His reactions got me thinking about how I react when I'm not feeling well. Like today. My tummy has been upset today, and the dogs woke me up early, so I'm not in the best of moods. I find myself snapping at Curtis over incredibly inane things (like the printer being out of ink) and being really annoyed at not getting my way. I've reverted to the disposition of a cranky two year old. Brilliant.
I'm sympathetic that Bode seems to not be feeling well, but I don't appreciate his growling at me and snapping at me. I'm trying to help him and he won't let me. But I'm doing the same thing. I don't feel good so I'm snarling and snapping, feeling annoyed and irritable. Bode's a dog so I don't suppose he'll ever learn to behave otherwise, and I'm not sure it would be fair for me to expect him to. However, I'm a human and I have to learn to rise above myself sometimes.
I read an interesting article on 'emotional sobriety' a couple days ago. The concept being that emotions are something that can be managed, much like an addiction, so that it no longer controls you. It's not so much about turning off emotions and not let anything ruffle your feathers, as much as learning how to cope with having your feathers ruffled. And my goodness, do I need help with my ruffly feathers.
Like a city whose walls are broken through is a person who lacks self-control.--Proverbs 25:28
The imagery there is very powerful. Imagine how it used to be--in the old country--it doesn't have to be as far back as Solomon's time, think back to images of medieval Europe. We've all seen a Robin Hood movie or two. Imagine how the city was surrounded with a tall, impenetrable wall, always guarded, always well-defended, protecting the inhabitants inside. And the people who lived outside the city, and thus the city wall, would always rush inside in times of trouble. The city walls provided safety and security in otherwise perilous situations.
And, so it would seem, self-control serves the same purpose. It guards my emotions from being overtaken by outsiders. I have a choice to either defend my city--my heart, my mind, my relationships--by keeping my wall of self-control well armed, or I can allow my wall to be broken through.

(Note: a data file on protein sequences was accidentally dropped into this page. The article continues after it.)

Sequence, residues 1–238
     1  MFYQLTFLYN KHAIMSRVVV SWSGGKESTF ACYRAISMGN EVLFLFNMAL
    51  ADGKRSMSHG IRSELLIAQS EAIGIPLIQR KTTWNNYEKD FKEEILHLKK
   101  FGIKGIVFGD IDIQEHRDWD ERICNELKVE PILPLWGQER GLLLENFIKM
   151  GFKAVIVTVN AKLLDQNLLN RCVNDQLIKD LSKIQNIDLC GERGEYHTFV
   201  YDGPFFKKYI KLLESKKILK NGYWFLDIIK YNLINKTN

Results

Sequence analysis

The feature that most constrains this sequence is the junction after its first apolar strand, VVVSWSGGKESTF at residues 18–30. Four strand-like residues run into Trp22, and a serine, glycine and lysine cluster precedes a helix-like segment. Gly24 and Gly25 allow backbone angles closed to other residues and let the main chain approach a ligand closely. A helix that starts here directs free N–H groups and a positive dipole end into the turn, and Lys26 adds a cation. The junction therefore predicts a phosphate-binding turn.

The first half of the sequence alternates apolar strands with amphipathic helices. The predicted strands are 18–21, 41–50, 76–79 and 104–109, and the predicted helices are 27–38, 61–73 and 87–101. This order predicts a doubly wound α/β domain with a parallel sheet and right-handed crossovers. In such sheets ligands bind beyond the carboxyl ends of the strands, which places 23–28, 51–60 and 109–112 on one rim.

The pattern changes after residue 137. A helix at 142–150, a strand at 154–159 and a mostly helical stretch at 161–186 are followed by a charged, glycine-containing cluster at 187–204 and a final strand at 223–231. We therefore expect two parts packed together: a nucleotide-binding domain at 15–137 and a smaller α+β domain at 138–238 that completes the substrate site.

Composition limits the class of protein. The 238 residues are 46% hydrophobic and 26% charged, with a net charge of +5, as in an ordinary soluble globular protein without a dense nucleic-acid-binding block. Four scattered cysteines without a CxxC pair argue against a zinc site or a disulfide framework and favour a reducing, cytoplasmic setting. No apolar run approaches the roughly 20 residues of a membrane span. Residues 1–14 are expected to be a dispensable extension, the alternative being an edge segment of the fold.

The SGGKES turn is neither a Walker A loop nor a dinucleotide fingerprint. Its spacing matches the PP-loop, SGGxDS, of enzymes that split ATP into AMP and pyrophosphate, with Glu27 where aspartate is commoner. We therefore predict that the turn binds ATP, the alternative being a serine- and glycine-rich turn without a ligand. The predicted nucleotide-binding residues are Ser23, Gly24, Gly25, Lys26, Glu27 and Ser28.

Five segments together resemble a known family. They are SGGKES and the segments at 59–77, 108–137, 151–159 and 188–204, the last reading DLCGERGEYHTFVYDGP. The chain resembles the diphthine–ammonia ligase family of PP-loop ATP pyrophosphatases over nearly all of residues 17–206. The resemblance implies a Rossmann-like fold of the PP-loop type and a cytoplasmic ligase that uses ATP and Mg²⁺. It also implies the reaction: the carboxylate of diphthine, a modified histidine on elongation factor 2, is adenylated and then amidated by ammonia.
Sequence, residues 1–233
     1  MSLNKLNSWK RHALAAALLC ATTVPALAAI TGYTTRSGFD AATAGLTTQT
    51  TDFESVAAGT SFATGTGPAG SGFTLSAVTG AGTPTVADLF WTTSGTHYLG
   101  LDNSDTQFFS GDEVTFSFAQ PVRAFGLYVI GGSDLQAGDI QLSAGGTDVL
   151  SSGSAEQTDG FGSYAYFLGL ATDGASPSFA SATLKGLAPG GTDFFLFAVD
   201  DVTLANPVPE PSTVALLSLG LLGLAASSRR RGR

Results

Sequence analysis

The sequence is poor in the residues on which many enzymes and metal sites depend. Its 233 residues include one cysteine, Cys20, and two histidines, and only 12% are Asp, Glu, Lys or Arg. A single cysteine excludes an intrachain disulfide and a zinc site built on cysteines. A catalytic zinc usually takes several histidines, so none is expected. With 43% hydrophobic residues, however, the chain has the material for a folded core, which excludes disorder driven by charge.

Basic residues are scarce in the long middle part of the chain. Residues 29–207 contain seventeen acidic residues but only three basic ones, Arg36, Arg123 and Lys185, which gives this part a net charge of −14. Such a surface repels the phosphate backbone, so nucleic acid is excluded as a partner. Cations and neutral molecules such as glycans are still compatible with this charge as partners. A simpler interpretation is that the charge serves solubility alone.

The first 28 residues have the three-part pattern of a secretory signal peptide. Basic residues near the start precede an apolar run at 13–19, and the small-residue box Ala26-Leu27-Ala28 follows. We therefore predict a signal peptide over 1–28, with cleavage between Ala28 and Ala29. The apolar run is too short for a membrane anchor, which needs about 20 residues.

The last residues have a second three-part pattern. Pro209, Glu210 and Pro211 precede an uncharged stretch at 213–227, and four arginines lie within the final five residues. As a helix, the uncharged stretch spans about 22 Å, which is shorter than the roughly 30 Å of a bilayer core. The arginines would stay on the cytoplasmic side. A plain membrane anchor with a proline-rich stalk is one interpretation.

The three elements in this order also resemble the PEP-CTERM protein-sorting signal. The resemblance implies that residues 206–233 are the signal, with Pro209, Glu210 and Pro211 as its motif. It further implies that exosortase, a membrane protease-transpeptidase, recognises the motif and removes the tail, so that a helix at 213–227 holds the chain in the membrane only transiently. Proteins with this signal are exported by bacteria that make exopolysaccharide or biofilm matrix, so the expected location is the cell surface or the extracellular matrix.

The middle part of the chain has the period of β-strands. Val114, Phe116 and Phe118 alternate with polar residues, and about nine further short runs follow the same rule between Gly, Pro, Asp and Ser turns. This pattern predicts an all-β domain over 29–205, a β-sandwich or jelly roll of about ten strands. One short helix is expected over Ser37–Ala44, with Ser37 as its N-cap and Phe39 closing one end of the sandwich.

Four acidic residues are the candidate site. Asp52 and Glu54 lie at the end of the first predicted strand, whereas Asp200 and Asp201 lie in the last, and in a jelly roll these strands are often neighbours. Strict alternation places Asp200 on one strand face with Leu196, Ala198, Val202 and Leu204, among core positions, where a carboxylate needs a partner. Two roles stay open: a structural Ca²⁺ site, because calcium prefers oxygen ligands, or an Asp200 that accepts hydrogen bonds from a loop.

I don't think self-control is a choice, as much as a lifestyle. Like patience and joy, it's not something I can ask God for and simply be uploaded with. It's not an app for my heart. Self-control has to be learned, and can only be learned in a moments when I would normally go haywire. Like today. I have a choice right now to turn around today by choosing self-control, or I can allow my city to be ransacked by unchecked emotions.
I think it is harder to make positive choices when I'm not taking care of myself by eating right and getting enough rest and things like that. The most important thing is whether or not I'm nourishing my soul with daily helpings for the Word and concentrated time in prayer.
I have to tell you...I took a break in the midst of writing this post. Curtis needed the computer. So I decided to take some time to read my Bible. I'm working on Lent reading plan of the gospels, and so I had to finish up Matthew today. I feel centered now having spent some time studying the Bible and reading about Jesus. It's amazing how I always feel so nurtured and nourished after getting with God.
And in the middle of my Bible study, my stomach stopped hurting and I actually got hungry. I haven't been truly hungry in several days, I've just been eating because I have to. Then, when I finished Matthew, I decided to try to check Bode one more time to see if I can figure out what's wrong. He growled at me at first when I tried to look at his leg but I gave him some space to calm down so he came back and laid down. I rubbed his tummy (what dog can resist a tummy rub?) and told him he was good, and then I carefully picked up his back left leg. He didn't even twitch or 'grrrr'. Good news is his leg is almost healed so I honestly think he was just tired. He slept while I was reading and he seems to be feeling better.
Funny how that works, huh?